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Claire Choisne: “Today, the purpose is style”

Ming Liu
April 15, 2024
4 min

Boucheron holds the coveted title as the first jeweller on Paris’s Place Vendôme, the spiritual home of high jewellery, where the Maison firmly planted its flag in 1893. But the advantages of “firsts” can often prove equal parts blessing and curse. How to honour the weight of history while agilely moving forward and how to entice the next generation without alienating loyal customers, are questions that any individual taking the reins of such a house would need to consider.

If such thoughts weigh heavy on Claire Choisne, you’d never know it. The creative director of Boucheron has been with the maison for 12 years – and in the jewellery industry for double that – but Choisne carries herself with an atypical lightness of being. In person, her Cheshire-Cat smile and almost child-like enthusiasm are palpable and infectious, exuding a spirit of openness and freshness that, most of all, shines through in her work.

Choisne’s creations naturally submit to all the high jewellery rules – jaw-dropping gemstones, precious materials, exceptional craftsmanship – but she breaks them at the same time by using unexpected, recherché materials. Rock crystal, sand and meteorite are omnipresent, but they are accompanied by hollowed pebbles, Makrana marble, holographic-treated ceramic, and even a Nasa-approved aerogel (it’s one of the lightest materials in the world).

 Boucheron brooch from the Opalescence necklace, set with a 71.69 ct oval cabochon white opal from Ethiopia. Photograph © Boucheron

Choisne’s vision is anchored in a simple guiding tenet: to wear jewellery, as much as possible. “It’s sad when jewellery is reserved for the safe,” she says, adding that she considers jewellery bought for status alone equally unfortunate. “Of course jewellery is expensive, but if you can express something more personal with it, the better. Today, the purpose is style – to express who you are. Style, and the way you wear the piece.”

That goes some way to explaining why Boucheron’s jewellery has become a byword for multiwear. But these are not the stuffy transformable jewels of yore – where a tiara can be worn as a brooch and necklace. This is about that word: style.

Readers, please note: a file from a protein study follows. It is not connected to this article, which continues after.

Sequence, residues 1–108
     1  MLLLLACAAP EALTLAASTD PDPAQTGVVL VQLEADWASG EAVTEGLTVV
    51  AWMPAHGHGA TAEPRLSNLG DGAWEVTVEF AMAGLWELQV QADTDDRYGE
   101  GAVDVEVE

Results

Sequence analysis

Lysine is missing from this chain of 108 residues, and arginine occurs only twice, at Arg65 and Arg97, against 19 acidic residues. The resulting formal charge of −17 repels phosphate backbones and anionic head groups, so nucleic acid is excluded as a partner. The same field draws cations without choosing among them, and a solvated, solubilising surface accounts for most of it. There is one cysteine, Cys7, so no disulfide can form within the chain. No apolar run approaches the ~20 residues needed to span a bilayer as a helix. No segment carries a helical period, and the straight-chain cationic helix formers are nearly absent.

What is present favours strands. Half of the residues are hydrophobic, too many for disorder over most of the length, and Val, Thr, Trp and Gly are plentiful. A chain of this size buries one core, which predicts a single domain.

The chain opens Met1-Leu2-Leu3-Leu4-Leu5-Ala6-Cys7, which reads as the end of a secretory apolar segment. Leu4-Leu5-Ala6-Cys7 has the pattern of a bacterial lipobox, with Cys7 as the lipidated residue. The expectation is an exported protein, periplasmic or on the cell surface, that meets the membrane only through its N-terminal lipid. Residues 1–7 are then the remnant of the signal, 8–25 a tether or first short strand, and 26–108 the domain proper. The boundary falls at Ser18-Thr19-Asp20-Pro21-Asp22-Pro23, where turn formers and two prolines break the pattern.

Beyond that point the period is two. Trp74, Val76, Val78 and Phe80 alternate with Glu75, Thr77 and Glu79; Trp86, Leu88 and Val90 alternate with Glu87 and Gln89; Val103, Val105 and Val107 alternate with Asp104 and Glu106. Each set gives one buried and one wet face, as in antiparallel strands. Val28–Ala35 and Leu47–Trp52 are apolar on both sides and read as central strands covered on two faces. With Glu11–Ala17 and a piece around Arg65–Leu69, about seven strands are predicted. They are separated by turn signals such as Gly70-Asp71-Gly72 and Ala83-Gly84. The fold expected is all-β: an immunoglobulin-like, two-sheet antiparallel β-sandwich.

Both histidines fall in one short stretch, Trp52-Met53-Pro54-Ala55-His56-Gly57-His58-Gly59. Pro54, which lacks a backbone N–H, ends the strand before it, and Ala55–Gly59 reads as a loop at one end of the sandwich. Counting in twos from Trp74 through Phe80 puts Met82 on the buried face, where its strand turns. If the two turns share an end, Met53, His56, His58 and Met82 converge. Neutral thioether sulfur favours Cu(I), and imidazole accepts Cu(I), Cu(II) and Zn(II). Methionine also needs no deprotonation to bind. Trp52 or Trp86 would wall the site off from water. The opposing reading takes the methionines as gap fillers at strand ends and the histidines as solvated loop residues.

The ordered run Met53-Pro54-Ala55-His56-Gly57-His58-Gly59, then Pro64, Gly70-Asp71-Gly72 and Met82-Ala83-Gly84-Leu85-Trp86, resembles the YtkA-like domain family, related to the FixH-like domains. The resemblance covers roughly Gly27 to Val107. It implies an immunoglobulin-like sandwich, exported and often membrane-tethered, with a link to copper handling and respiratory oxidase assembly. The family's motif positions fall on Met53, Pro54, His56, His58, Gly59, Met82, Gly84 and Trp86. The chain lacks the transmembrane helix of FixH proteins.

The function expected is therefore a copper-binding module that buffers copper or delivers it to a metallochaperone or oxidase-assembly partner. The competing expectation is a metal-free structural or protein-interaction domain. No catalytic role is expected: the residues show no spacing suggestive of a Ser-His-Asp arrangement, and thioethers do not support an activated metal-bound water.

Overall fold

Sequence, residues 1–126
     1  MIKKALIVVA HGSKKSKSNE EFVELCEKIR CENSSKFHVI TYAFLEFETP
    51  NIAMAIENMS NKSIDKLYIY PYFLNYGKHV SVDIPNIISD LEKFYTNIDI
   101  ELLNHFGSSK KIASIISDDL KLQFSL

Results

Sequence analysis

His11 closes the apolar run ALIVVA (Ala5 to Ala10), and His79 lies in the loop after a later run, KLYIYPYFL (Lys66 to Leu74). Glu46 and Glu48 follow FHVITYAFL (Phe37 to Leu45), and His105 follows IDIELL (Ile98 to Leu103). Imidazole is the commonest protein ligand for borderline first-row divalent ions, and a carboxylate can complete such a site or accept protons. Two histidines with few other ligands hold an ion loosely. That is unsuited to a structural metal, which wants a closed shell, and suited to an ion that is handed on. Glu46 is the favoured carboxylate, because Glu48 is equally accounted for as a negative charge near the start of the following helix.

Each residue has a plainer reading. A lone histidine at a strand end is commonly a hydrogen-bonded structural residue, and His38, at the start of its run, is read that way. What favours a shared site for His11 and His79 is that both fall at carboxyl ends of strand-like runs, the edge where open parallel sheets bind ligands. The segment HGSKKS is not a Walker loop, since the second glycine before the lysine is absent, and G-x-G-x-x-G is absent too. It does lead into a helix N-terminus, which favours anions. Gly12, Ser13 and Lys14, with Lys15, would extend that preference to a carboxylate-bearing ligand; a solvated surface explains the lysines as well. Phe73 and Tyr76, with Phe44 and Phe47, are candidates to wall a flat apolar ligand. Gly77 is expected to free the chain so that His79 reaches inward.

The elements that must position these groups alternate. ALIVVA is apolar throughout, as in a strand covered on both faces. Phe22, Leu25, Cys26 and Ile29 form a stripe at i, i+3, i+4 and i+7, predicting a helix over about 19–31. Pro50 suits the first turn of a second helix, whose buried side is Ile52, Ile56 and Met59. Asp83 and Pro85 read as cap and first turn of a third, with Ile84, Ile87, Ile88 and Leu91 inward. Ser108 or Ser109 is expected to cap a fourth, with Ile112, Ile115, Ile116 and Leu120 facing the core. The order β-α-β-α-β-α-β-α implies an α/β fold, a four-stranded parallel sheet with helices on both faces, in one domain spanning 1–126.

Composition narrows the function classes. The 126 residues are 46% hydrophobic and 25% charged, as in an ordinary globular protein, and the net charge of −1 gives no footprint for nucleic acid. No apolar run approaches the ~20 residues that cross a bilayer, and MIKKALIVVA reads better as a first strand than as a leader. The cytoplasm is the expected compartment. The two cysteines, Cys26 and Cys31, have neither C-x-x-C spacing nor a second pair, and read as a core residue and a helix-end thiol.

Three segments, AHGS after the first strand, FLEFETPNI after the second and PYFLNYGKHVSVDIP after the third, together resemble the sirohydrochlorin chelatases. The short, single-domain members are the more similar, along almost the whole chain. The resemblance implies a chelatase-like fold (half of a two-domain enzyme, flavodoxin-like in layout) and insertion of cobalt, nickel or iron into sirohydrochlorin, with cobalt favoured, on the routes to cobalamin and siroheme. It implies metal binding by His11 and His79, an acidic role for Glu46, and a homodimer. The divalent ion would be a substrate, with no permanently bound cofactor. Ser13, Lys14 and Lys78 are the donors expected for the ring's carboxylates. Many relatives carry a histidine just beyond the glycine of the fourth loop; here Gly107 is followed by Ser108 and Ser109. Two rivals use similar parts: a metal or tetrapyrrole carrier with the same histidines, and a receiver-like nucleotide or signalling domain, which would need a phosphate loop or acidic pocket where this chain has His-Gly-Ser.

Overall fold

“Even though they’re the same piece, they’re totally different, I want to propose different and interesting ways to wear the piece, so it won’t stay in the safe.”

With present-day opportunities to wear a statement-making gem to a fancy gala dinner few and far between, Choisne is determined to empower the wearer to style themselves. “What are the possibilities we can offer?” Choisne asks. “It’s not a competition around the number of ways to wear it, but (a question of) how to change your style.”

Boucheron follows other venerable maisons in syncing the high-jewellery calendar with couture fashion weeks in Paris. The maison has also consciously structured its bi-annual launches around two key themes – January as historic retrospective, inspired by a key gem from the archive; July as carte blanche and forward-looking, enabling Choisne to embrace any theme. In recent years that’s ranged from contemplation and reflection to, during lockdown, transporting oneself to far-flung deserts and exotic lands. Nature is the biggest muse for Choisne, who credits travel as an inspiration, from recent trips to the Grand Canyon, Bolivia’s Salar de Uyuni, or her personal escape near the Portugal coast that’s surrounded by forest. (But, ever-grounded, she’s equally likely to seek inspiration when walking the local Palais-Royal garden near her Paris home).

That downtime, no doubt, helps Choisne compartmentalise a workflow that sees her effectively working on two polar-opposite themes a year, three years in advance, and at various stages ranging from conceptualising to design, production and communications. It’s easy to see why Boucheron juxtaposes a historic collection against a modern one – to meet that omnipresent tug and tow of past and future at Place Vendôme’s oldest jewellery house – but how it executes it so seamlessly is another thing.

Choisne admits the shift in perspective was challenging at first. “July is total freedom – you have to dig inside yourself to find something,” she says, while January is easy in the sense that the theme already exists. “You can find it in your history. But then you have to modernise it – be respectful of the past, yet give it new vision.”

BoucheronOndes necklace and earrings. Photograph © Boucheron

“It’s not the past against the future,” Choisne emphasises of her approach to the archives. “If the design was great long ago, it will be timeless today.” Neither is the creative director one to shy away from technology in her work. She has been known to use futuristic materials derived from the aerospace industry, or to coat an entire collection in a space-age holographic finish. To Choisne, technology is just a tool that pushes necessary boundaries. “I’m in love with old techniques as much as new. Again, it’s that linear timeline: I don’t see the past as outdated techniques, the new as future techniques. For me it’s all technique. They’re just more chances to achieve your dream.”

In many ways, Choisne channels the innovative spirit of founder Frédéric Boucheron in her approach, affectionately calling her workplace “a really, really old start-up”. That phrase was first coined by Boucheron’s CEO Hélène Poulit-Duquesne – when she was appointed in 2015, Poulit-Duquesne and Choisne together made history, marking the first time a major Place Vendôme jeweller has been helmed by two women. Having that kind of feminine backing has no doubt propelled Choisne to where she is now – a wizard at the height of her creative powers.